Let's see.... If it's a yes, does that make sense? Not really, as it's only media, and it would be as foolish as asking the same question about the newspaper or television. How 'bout "No." Common sense says that's the only correct answer, as the only businesses who wouldn't like it are those who don't understand it. You know. Like the only people who wouldn't like the newspaper are those who can't read. Nor would TV be appreciated if everyone was blind.
After due consideration, I think you could have asked a "less vague" more provocative question. You could have asked "Is the Internet the enemy of car dealerships' profit"? Or, is the Internet the enemy of car dealerships' vehicle presentations, or car sales reps just in general? As I mentioned in my previous comments, having read your ADM bio and company website, to me this post may be "tuned" more to generating an opportunity to "barter your wares." Which, by the way, is fine with me.
But, there is one thing I'm totally ignorant of, and you're just the guy to give me the answer. Noticing you've blogged again this week and I haven't noticed you blogging recently, is the reason for twice-in-a-week posts because you're kicking up some business? Please tell me (us) about it. (Of note, Mr. Ruggles' comments about getting rid of sales people could be somewhat accurate, but only for those reps who don't understand sales, and their leaving might be good for all concerned. However, the pros I mentioned in my previous comments, will prevail and will always be worth more than they cost.) …
t ignorance. If someone can get attribution dialed in anywhere near accurately AND we can get managers properly understanding and using it, it's a gold mine that can revolutionize the industry.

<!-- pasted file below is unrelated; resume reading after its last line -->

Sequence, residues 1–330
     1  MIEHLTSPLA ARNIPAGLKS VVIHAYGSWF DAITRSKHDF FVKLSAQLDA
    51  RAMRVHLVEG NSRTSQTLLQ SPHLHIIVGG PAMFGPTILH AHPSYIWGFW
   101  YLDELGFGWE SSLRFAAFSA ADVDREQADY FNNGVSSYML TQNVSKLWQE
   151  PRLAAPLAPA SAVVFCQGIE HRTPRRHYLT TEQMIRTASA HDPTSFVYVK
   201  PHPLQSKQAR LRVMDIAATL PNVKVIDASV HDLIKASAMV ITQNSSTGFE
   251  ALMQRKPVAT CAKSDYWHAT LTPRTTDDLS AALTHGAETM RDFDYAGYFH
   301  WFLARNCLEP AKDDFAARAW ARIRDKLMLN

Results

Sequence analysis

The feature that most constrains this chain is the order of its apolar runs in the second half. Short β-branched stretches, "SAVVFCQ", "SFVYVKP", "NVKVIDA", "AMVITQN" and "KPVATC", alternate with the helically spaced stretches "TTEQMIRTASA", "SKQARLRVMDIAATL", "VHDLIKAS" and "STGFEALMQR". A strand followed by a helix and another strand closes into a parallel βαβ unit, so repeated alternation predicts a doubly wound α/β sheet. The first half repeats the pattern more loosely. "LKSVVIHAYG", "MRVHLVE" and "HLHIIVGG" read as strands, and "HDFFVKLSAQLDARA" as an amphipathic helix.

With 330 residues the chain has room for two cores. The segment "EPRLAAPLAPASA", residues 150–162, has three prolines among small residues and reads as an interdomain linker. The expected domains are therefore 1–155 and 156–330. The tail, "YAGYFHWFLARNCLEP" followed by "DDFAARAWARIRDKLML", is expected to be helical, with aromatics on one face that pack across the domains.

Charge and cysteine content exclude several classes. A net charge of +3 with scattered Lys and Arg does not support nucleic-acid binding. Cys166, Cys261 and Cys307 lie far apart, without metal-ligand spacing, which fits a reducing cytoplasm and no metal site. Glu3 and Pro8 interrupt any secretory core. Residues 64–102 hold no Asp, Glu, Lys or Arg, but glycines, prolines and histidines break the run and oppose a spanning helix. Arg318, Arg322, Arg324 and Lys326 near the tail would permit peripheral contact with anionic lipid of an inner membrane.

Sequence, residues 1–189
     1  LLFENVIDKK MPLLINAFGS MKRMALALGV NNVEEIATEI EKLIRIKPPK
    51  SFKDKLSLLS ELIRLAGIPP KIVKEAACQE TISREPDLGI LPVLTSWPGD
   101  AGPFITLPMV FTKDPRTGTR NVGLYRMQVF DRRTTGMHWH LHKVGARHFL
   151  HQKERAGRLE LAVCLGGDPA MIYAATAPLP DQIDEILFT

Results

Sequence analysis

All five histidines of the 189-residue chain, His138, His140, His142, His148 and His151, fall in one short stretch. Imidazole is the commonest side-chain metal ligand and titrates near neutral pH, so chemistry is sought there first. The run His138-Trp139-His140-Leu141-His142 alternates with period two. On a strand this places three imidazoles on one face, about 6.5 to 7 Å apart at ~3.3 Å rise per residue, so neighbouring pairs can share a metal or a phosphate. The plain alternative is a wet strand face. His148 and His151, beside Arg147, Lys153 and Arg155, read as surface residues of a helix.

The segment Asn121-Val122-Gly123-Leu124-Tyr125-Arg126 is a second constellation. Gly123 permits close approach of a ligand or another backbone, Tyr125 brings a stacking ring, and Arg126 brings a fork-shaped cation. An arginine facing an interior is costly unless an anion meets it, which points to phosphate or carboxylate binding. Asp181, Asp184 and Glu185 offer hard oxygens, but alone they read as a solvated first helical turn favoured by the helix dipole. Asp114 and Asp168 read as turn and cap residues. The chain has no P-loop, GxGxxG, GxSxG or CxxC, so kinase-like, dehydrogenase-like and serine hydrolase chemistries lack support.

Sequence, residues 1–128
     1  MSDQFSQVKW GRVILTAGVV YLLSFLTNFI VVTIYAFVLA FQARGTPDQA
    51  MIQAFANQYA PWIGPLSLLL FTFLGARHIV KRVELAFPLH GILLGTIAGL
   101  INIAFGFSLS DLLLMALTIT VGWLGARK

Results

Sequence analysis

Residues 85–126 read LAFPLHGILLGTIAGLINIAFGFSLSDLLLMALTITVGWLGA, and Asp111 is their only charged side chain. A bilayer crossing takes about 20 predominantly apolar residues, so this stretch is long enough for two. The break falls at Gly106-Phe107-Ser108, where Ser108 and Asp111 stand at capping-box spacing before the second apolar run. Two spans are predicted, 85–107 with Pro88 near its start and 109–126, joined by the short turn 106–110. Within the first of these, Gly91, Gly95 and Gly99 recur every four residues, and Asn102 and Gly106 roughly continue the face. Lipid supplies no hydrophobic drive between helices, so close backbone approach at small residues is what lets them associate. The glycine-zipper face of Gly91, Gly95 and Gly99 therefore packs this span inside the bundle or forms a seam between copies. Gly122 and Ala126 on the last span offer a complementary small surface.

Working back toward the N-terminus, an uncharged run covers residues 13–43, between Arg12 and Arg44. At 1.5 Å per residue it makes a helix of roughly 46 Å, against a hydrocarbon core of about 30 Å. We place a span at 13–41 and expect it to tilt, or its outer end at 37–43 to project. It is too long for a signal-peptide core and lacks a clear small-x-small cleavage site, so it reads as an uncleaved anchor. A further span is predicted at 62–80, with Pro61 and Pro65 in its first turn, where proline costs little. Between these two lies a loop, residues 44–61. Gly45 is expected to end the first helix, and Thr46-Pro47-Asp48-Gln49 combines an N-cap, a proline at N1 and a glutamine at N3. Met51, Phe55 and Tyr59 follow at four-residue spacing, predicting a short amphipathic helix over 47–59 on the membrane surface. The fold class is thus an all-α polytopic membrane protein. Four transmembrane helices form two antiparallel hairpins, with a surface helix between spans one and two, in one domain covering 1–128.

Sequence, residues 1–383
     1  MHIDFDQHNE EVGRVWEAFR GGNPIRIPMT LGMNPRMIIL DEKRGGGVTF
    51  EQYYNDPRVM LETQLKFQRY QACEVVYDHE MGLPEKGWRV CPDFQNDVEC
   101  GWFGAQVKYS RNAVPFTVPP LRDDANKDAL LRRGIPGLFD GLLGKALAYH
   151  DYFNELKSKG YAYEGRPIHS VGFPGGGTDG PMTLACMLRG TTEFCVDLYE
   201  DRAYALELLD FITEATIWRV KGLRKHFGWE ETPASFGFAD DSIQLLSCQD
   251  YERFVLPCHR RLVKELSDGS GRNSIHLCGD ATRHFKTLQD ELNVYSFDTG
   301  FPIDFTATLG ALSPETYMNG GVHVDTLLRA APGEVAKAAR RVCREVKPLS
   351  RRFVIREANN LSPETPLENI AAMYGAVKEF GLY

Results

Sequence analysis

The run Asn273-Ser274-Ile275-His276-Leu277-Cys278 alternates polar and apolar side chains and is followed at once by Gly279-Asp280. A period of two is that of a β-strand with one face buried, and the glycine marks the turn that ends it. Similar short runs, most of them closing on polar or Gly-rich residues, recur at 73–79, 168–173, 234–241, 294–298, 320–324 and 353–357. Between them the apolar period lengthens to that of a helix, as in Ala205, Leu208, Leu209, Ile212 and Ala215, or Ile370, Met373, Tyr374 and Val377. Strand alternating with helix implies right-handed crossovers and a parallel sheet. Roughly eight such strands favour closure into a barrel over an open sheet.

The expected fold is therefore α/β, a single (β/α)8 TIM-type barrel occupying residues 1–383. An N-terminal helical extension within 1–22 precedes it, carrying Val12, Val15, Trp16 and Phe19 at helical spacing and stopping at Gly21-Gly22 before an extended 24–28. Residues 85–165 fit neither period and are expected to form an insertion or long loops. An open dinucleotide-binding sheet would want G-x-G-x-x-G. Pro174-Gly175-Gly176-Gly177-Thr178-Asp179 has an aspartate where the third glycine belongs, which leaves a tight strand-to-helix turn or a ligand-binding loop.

Caution because I've been around too long and seen way too many claims like this that turn out to be garbage.
I recently sat through an attribution report presentation at one of our stores that was done by one of the behemoth sites. They had used a "nationally known and respected" attribution firm for their study. They were going to show us how they used the data to show us how much value they provided to us.
Yet, after all their hype about how much the report cost and how much business they drove to our stores, they couldn't even show if the customer had been on their site before or after the sale, when the customer had been on the site, if the customer had even viewed one of our vehicles, and so on. But the site was claiming to have driven over $100,000 in business to one of our stores. They made that claim because people who had bought from that store had also visited that site sometime during the 3 months the report covered...even though the store had only been on the site for 2 weeks. They also arrived at their number by claiming 100% credit for each sale...while at the same time admitting customers view 20+ different resources during the buying process.
I'm highly skeptical of claims of anywhere near 100% accuracy with attribution. Until you can get all the way into a customer's mind and memory each and every time, 100% accuracy is a fallacy.
I'm also highly skeptical about the intent of offering it for free. That's a really nice notion...but is it really going to be free? Or is it going to be a barter - we get the tool for free, but then AutoHook gets to view and / or keep our data for free?
Maybe this is the real deal and is the start of something legit...or maybe it's just another ploy by a vendor to acquire more customer data.
Only time will tell...
Until then...cautious optimism.…
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